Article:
There was never any doubt that the Union wanted their new sporting director to continue the club's admirable track record of investing in its youth academy, and developing players from it who can play in MLS.
But as Ernst Tanner was introduced on Thursday, there was an additional signal: that the Union want better foreign signings too, and are ready to back up that desire with real resources.
Union owner Jay Sugarman described Tanner, a 51-year-old German, as "someone who has successfully executed a development-driven model: someone who can ID talent, recruit talent, can help develop that talent, and then has a successful track record in the transfer market of having other clubs recognize that talent."
There is plenty of proof. Just ask English powerhouse Liverpool. Tanner brought Brazilian World Cup star Roberto Firmino to German club Hoffenheim in 2011, and in 2015 Liverpool paid $37 million for him. Tanner brought Naby Keita to Austria's Red Bull Salzburg in 2014, sold him to German sister club RB Leipzig for $21.5 million in 2016, and this summer Liverpool paid $62 million for him.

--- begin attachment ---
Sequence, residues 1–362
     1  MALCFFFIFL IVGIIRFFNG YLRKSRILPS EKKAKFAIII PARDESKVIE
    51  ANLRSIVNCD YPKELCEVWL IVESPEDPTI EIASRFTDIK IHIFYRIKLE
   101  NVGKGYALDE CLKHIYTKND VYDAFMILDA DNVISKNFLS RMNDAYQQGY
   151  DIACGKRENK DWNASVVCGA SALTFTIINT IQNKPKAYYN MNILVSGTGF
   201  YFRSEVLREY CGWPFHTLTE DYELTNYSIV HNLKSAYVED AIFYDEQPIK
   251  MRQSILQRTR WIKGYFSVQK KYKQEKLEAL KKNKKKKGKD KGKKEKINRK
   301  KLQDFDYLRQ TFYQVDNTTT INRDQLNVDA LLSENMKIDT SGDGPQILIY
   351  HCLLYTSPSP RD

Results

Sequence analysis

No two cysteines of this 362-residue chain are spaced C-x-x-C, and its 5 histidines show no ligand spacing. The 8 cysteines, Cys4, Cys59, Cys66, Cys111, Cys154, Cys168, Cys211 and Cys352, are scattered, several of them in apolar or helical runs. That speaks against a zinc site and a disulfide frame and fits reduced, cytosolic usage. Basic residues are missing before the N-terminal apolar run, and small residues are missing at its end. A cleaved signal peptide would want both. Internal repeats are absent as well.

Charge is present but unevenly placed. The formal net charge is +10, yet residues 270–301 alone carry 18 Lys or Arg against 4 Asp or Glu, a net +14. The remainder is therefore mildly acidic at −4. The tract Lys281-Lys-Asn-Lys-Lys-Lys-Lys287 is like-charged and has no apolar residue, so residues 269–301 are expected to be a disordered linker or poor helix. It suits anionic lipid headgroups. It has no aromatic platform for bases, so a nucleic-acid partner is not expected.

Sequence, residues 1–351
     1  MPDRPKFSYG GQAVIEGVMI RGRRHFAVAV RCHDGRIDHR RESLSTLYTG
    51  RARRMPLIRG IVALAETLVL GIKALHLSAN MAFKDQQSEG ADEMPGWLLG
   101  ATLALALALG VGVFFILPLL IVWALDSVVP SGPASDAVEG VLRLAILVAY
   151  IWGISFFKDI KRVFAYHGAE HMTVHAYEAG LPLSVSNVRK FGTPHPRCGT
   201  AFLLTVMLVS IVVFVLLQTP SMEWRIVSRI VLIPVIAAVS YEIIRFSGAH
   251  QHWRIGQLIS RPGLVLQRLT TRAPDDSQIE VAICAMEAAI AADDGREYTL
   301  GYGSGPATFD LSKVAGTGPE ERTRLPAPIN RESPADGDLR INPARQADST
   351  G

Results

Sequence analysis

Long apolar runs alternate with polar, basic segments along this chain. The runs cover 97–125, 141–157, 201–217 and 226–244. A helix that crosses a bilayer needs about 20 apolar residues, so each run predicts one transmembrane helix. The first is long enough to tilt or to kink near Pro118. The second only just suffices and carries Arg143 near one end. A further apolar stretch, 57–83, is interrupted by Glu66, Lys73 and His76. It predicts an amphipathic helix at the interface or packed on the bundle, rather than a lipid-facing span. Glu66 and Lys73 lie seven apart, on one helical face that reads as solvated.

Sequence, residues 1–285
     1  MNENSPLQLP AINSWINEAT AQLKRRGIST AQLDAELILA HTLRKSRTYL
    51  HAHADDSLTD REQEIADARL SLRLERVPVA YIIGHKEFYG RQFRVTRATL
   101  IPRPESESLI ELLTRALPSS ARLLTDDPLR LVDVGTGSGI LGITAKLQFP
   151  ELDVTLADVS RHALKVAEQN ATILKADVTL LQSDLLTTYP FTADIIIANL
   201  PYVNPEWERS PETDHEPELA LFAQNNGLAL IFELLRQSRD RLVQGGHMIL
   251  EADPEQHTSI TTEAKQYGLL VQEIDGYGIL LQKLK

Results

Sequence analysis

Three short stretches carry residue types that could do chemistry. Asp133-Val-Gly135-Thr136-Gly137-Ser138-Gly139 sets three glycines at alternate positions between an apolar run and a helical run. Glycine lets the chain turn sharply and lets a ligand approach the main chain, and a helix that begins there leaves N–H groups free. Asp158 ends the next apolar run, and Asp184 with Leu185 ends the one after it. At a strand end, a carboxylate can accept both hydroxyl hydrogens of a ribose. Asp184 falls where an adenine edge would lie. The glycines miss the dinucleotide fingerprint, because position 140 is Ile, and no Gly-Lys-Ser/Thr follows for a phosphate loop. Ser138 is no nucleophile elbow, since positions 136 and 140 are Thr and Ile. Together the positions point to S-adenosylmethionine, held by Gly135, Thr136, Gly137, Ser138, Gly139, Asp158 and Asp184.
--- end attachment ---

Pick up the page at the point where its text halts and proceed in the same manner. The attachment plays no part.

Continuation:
Those kinds of deals are the essence of how global soccer works these days. The Union want to get in that game. They want to win trophies too, of course, and want Tanner to build a team that can do so; and they want the team's core to come from the Wayne-based academy. But Sugarman admitted he knows more needs to be done to bring in the kinds of players who will truly take the Union to the next level.
Sugarman said that in the search process, he and academy chief Richie Graham wanted "to really be thoughtful about where the Union is right now and how it's going to get to that next step — both internally by developing, but also in the transfer market, making sure we acquire players who are going to make us better."
Tanner, whose contract runs through 2021, said he believes "in a good club, an academy is like a backbone" and "mandatory to be successful." He's also ready to go shopping.
"There are, inside this country, lots of opportunities, as well as there are in smaller countries in Europe, lots of opportunities, and I don't think that there's nothing in South America," he said with a classic touch of German understatement. "I have quite close connections to Colombia, for instance, good connections in Brazil and to Argentina. It's not necessarily that you have to spend millions for finding good talent, but it's necessary, of course, to develop it."